We hung around for another hour or so before heading back to camp for the afternoon. Egg burritos were fixed for lunch - and of course we all split the cooking duties. I cooked bacon. Al fixed eggs. Todd fried potatoes, and Troy cleaned out the fire pit for the evening fire.
EVENING HUNT: Road Past the Foundation
Due to the labor day weekend crowd, we had a hard time finding a place to hunt. People were everywhere. Troy stayed back in camp and watched the boys, Cody and Justin. Troy ended up with his hands full! At one point he threw Cody's toy on top of the camper because Cody was misbehaving. However, the plan backfired because Cody quickly retaliated and threw a split piece of fire wood at Troy's shin. When we returned to camp, Troy had quite the look on his face. He had a new appreciation for taking care of kiddos.
The rest of us enjoyed our evening hunt; however, we didn't see any elk... except for the ones that Todd scared away when going to the bathroom by an aspen tree. He looked up the hill and pointed. Four cows were making a bee line down the hill to the valley below.
Allen led us down a cliff this evening - that was fun!
Upon hiking back, we took a couple of breaks since we had climbed quite a ways down the mountain and climbing UP isn't as easy. One break consisted of the guys scaring the girls with a snake. And then there was the bouncing aspen tree shenanigans. Oh and a small thunderstorm passed above us tonight also.
The evening ended with drinks around the campfire! Ahhhh....
MORNING HUNT: Big Bull Meadow
Friday, August 31
After the hour drive down the back road in the moonlight, we once again reached the spot. The lodge pole pines on the edge of the road mark the location where we unload and enter into the dark timber. We know that just on the other side, the pines reaching to the sky will open up to a meadow on the other side. Our "Big Bull Meadow" is just off the beaten path, yet seems to be a crossing area for the elk from one side of the mountain to the other, and we planned on being there in the first light to catch any passing through.
We walked in by the light of the moon around 5:45 AM and immediately spotted elk in the first corner of the meadow. (Actually, I spotted them) We snuck up another 50 yards to the edge. Troy was on one side of a big pine and I was on the other. Pointing to my eyes with my index and middle finger, I let Troy know I could see elk above us. They were making their way down into the opening. I fumbled with my range finder and couldn't get a good read, but I figured the bull was about 50 yards. I went to full draw and as I was settling my bottom pin at the quartering away 5x5, I heard Troy's bow go off. The lead cow let out a bark and I saw the bull take off. I was sure that Troy nailed him because he doesn't miss at that range. All summer long he was drilling the center of the target at this distance. So when we found his arrow buried in the dirt, we questioned what happened and began to replay the scene over and over in our minds.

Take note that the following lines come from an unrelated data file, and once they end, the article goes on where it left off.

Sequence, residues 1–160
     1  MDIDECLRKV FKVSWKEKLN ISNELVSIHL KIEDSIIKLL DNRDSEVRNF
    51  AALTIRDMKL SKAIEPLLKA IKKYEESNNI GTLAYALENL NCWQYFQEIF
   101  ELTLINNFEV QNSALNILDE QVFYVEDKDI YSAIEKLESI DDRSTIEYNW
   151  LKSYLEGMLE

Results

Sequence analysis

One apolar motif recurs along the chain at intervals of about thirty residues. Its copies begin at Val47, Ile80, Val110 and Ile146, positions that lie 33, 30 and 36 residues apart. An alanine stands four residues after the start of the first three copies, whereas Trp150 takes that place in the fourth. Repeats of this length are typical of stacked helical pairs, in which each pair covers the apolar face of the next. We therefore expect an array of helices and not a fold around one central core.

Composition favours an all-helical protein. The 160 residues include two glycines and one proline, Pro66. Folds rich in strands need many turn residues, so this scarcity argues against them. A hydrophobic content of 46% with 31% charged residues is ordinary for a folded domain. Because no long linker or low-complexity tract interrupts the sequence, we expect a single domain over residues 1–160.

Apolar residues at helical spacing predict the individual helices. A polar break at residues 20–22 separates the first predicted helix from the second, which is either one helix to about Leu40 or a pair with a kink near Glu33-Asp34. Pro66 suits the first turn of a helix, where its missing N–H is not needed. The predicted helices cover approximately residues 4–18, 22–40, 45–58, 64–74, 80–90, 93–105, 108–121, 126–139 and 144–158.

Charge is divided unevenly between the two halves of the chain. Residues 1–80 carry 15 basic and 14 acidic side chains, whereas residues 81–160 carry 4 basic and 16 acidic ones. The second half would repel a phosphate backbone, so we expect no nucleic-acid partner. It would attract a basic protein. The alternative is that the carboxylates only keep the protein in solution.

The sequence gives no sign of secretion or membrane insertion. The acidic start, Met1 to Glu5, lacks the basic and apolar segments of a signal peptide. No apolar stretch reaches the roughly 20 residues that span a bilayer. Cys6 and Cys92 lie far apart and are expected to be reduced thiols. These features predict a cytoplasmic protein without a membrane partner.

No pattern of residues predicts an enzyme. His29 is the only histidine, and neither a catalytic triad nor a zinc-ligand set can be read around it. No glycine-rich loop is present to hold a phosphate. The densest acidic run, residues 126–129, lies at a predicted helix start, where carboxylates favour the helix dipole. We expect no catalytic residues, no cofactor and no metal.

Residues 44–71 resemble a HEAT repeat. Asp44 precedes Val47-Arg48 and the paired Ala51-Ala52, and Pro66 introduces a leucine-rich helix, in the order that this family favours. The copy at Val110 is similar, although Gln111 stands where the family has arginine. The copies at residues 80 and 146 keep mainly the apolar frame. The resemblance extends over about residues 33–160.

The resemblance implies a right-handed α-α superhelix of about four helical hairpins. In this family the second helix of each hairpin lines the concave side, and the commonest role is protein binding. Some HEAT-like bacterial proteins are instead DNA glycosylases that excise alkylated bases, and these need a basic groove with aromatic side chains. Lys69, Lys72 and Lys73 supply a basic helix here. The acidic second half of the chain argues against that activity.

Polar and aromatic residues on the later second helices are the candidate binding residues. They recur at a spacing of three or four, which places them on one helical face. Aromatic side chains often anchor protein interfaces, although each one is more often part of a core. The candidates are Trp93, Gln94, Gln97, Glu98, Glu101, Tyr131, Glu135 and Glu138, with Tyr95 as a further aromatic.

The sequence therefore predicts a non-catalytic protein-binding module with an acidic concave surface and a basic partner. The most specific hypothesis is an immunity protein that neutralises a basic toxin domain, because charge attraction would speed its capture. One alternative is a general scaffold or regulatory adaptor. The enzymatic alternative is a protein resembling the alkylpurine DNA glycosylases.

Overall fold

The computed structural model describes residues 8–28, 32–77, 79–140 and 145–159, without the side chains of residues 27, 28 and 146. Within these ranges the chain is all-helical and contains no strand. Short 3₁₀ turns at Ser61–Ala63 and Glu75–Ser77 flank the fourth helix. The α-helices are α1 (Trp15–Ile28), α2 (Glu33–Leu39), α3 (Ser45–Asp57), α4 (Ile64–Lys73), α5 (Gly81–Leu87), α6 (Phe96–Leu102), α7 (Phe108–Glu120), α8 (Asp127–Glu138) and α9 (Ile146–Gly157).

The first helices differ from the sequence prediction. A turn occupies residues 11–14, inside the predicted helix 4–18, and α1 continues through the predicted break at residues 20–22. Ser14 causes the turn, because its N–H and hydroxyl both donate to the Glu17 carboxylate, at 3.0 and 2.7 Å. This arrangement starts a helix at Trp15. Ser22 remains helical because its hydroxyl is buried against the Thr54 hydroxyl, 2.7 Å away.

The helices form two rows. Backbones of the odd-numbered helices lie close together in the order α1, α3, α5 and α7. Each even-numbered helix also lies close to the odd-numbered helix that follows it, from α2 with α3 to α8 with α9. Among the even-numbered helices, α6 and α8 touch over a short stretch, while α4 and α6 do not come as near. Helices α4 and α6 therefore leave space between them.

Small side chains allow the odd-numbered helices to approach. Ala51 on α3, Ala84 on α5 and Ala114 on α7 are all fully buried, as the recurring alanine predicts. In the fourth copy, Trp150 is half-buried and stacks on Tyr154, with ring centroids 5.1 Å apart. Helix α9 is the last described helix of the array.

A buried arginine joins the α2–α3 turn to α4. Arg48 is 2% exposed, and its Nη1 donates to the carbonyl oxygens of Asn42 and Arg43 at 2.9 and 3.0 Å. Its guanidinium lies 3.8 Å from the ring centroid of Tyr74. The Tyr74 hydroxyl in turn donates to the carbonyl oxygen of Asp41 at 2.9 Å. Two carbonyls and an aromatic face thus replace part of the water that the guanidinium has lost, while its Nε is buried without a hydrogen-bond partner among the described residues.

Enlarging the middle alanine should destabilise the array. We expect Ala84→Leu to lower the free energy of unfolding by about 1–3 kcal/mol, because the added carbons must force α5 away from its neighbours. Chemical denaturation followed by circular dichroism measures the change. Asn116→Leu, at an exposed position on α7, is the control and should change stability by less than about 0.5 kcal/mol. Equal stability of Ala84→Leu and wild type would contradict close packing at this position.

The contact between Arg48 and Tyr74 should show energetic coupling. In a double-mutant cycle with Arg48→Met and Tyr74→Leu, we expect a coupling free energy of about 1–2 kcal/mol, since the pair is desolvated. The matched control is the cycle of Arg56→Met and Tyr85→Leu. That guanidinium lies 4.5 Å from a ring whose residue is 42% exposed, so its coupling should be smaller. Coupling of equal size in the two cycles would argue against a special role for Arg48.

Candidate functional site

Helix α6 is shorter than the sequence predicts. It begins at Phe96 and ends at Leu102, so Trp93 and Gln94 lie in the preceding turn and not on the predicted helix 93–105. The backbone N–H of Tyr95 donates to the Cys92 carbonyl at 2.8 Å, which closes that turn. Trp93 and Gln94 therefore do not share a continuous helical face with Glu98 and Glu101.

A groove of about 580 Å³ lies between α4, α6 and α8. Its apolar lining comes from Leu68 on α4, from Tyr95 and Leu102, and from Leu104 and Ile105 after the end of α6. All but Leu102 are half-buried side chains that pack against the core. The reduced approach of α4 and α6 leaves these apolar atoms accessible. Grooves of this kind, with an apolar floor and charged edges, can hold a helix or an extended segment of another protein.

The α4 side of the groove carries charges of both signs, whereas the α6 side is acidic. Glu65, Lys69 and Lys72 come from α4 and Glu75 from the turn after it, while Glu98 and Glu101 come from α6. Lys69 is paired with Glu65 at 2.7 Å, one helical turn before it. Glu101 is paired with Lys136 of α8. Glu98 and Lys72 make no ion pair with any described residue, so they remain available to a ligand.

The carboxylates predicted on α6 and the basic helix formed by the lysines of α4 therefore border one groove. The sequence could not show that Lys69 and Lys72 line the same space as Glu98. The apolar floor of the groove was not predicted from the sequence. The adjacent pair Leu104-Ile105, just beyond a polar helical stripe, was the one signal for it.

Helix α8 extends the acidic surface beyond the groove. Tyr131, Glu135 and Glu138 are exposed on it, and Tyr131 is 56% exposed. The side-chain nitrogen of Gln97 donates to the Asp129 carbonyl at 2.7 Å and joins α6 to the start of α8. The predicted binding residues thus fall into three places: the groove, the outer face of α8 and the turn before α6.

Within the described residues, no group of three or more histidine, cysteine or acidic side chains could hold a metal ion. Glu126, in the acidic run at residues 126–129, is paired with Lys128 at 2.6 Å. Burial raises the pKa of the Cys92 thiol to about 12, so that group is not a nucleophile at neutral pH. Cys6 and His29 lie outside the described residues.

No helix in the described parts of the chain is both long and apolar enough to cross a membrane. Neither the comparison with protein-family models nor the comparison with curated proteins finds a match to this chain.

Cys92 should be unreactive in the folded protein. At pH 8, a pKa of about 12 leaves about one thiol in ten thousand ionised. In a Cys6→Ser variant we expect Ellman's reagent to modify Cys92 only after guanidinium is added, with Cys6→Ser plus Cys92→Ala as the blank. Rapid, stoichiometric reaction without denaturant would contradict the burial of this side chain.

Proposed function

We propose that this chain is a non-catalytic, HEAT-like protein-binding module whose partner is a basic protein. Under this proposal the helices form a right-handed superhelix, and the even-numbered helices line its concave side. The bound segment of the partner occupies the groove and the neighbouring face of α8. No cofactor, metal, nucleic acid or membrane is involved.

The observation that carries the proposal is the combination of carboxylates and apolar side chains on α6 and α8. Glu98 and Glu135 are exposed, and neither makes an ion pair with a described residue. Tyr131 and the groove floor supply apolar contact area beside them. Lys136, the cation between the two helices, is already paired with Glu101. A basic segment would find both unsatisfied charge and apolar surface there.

Since it was still early (7:00), we decided to move to the top of the mountain. If we hurried, we may still have a chance of getting in on some other elk. However, it wasn't meant to be. The elk at first light was the chance of the day.
While sitting against the aspen on the top of the mountain, Troy continued to replay the scene from the morning over and over in his head. Let's just say that he was not in the best of moods after that shot. A pine cone was then tossed at my head. With a quick look up at my husband to see what prompted the pine missile, I saw him frantically waving his hands for me to come up by him. As I reached him he was holding out his bow and pointing to the limb pockets. His bow had backed out a full turn! He had been sitting there going over his bow trying to figure out if he simply missed the shot, or if something on his bow was truly off. Relieved and annoyed all at once, at least now he had an answer... but he wasn't happy.
EVENING HUNT: Nonexistent - Rained out!
Our afternoon consisted of egg burritos, Troy changing his brakes, picking up firewood at vacant camps before the labor day weekend crusaders arrived and waiting out a rainstorm in the camper for the rest of the evening. Midnight and 2:00 A.M. marked the time when the rest of our "pack" rolled into camp. Tomorrow would be a busy day with everyone here again, recharged and ready to get after the elk.
I closed my eyes and dreamed of the continuing hunt
that the next day would hold...
The series of Elk 2012 Journal entries continue. We are now half-way through the first week of our elk hunt, and September is just around the corner. In Colorado, the last day of the 2012 archery elk season is September 23. Keep in mind - things tend to get more and more exciting as you near the end of September. Several exciting stories are upcoming in my journal entries, so hang with me as we journey through my hunt day-by-day.
MORNING HUNT: Nonexistent
Thursday, August 30
It's true. We not only went to bed early last night, we slept in this morning - and MAN did it feel good! Around 8:30 AM we rolled out of camp and headed to town. On the agenda? Breakfast at a local restaurant that we frequent every year for the chicken fried steak and eggs is priority number one. Then a stop at the laundry mat to turn our clothes into scent-free garments once again. The truck is fueled up. A quick visit at a local coffee shop to borrow WiFi and send my PSE articles on their way. (Did you know I'm blogging now for PSE? Fun stuff! Check it out HERE.) Water jugs are refilled. And finally a quick stop at the grocery store for ice and soda. Oh, and then back to the coffee shop to pick up my purse I left hanging on the chair. It's a good thing my head is attached!
One of my favorite things about hunting is supporting the local towns nearby. Often times you can find some of the best home cooked meals in these little mountain towns. And during hunting season, the camaraderie you experience out in the field seems to flow through the veins of these quaint towns. It's okay to walk into a dinner fully decked out in hunting attire... The waitress doesn't think twice about asking if you had any luck, and the conversation filters from your table to the next. Now, I would recommend making a trip to the laundry mat afterwards if you plan on wearing your hunting gear after breakfast. I'm pretty sure that elk don't like chicken fried steak as much as my husband!